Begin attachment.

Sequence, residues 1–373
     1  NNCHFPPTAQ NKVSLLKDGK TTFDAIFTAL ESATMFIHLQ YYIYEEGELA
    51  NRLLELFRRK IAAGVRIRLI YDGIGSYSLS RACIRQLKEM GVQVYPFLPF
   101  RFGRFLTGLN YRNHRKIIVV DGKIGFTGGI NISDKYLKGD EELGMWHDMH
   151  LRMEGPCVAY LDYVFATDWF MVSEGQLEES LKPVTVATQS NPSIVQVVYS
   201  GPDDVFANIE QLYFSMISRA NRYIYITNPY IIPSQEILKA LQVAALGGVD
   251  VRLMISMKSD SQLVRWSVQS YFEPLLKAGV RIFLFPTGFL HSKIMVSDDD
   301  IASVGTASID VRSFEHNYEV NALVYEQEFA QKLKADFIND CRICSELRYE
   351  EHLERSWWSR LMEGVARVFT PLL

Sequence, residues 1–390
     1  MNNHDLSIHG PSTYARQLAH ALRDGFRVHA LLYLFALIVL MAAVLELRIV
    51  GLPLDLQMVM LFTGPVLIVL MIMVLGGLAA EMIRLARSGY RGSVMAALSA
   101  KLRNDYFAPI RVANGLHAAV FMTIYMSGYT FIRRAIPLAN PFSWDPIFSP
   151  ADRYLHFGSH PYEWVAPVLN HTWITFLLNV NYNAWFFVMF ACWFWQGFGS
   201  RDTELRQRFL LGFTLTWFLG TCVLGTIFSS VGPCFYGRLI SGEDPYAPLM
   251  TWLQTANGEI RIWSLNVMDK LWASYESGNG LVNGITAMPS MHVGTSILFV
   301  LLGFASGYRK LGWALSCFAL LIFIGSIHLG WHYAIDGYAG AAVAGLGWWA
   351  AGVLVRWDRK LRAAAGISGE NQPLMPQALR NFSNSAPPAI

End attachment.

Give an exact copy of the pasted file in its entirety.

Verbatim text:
Sequence, residues 1–373
     1  NNCHFPPTAQ NKVSLLKDGK TTFDAIFTAL ESATMFIHLQ YYIYEEGELA
    51  NRLLELFRRK IAAGVRIRLI YDGIGSYSLS RACIRQLKEM GVQVYPFLPF
   101  RFGRFLTGLN YRNHRKIIVV DGKIGFTGGI NISDKYLKGD EELGMWHDMH
   151  LRMEGPCVAY LDYVFATDWF MVSEGQLEES LKPVTVATQS NPSIVQVVYS
   201  GPDDVFANIE QLYFSMISRA NRYIYITNPY IIPSQEILKA LQVAALGGVD
   251  VRLMISMKSD SQLVRWSVQS YFEPLLKAGV RIFLFPTGFL HSKIMVSDDD
   301  IASVGTASID VRSFEHNYEV NALVYEQEFA QKLKADFIND CRICSELRYE
   351  EHLERSWWSR LMEGVARVFT PLL

Sequence, residues 1–390
     1  MNNHDLSIHG PSTYARQLAH ALRDGFRVHA LLYLFALIVL MAAVLELRIV
    51  GLPLDLQMVM LFTGPVLIVL MIMVLGGLAA EMIRLARSGY RGSVMAALSA
   101  KLRNDYFAPI RVANGLHAAV FMTIYMSGYT FIRRAIPLAN PFSWDPIFSP
   151  ADRYLHFGSH PYEWVAPVLN HTWITFLLNV NYNAWFFVMF ACWFWQGFGS
   201  RDTELRQRFL LGFTLTWFLG TCVLGTIFSS VGPCFYGRLI SGEDPYAPLM
   251  TWLQTANGEI RIWSLNVMDK LWASYESGNG LVNGITAMPS MHVGTSILFV
   301  LLGFASGYRK LGWALSCFAL LIFIGSIHLG WHYAIDGYAG AAVAGLGWWA
   351  AGVLVRWDRK LRAAAGISGE NQPLMPQALR NFSNSAPPAI